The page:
Vitamin D products should be controlled by pharmacies

The debate around vitamin D is running wild. According to research, excessive amounts of vitamin D have more detrimental than beneficial effects, says Pentti Tuohimaa, Professor Emeritus of Anatomy at the University of Tampere.

Tuohimaa says that vitamin D should not be sold freely as a food supplement.

He would not make vitamin D a prescription drug, but it should be sold in pharmacies so that pharmacists could instruct their customers about the right dosage.

”It is astonishing that vitamin D is still classified as a food supplement. It works like a medicine and too large doses are harmful,” he says.

A vitamin D supplement is a prohormone which transforms into a hormone inside the body. Like any other hormone, vitamin D has a specific optimal level. Both too small and too large amounts have a detrimental effect.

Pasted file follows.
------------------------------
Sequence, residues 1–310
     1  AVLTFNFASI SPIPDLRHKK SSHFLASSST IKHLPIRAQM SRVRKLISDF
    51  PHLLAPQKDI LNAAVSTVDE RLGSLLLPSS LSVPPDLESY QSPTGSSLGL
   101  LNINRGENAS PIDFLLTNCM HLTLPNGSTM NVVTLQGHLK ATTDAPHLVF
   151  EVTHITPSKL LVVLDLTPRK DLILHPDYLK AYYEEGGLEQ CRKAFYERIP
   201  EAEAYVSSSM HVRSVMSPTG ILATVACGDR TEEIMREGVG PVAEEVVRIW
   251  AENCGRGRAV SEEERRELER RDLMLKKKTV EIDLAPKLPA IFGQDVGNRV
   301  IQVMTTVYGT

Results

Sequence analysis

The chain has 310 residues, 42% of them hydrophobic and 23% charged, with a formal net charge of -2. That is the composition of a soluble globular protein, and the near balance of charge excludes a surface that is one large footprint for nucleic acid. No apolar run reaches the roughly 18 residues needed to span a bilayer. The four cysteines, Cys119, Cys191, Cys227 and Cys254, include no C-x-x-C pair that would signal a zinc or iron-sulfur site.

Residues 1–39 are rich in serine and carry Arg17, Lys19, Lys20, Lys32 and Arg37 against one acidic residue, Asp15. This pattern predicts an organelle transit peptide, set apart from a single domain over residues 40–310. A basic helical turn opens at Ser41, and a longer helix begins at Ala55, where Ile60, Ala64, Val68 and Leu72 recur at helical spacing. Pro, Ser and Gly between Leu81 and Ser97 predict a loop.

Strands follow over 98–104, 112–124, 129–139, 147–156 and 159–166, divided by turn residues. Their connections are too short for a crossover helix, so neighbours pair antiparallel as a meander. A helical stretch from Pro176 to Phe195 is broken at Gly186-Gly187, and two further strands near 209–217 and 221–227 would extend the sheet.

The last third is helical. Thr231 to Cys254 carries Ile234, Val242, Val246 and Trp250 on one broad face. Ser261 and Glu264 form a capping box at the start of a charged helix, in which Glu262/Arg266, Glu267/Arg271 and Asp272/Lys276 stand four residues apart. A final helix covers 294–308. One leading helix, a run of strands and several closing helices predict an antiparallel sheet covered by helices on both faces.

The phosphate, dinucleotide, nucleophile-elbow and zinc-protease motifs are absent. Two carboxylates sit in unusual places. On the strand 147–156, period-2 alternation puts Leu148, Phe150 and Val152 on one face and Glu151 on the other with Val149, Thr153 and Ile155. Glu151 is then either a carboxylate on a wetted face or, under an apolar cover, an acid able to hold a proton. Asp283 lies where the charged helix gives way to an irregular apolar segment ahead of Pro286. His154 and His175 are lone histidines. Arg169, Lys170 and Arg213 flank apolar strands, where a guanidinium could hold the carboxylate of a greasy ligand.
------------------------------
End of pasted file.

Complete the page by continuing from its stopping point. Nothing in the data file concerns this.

For this reason, Tuohimaa looks at the uproar caused by the analyses conducted at the University of Eastern Finland from another perspective. He is happy that the vitamin D content of the tested products was smaller, not larger, than indicated by the product description.

“It surprised me that the vitamin level of one product was zero. On the other hand, this product was supposed to have the highest level of vitamin D, 125 micrograms, so it was quite lucky that the analysis showed no vitamin content. Unfortunately, in an analysis conducted by another laboratory, this product had the amount of vitamin D indicated by the package.”

Read the full story on the University of Tampere website

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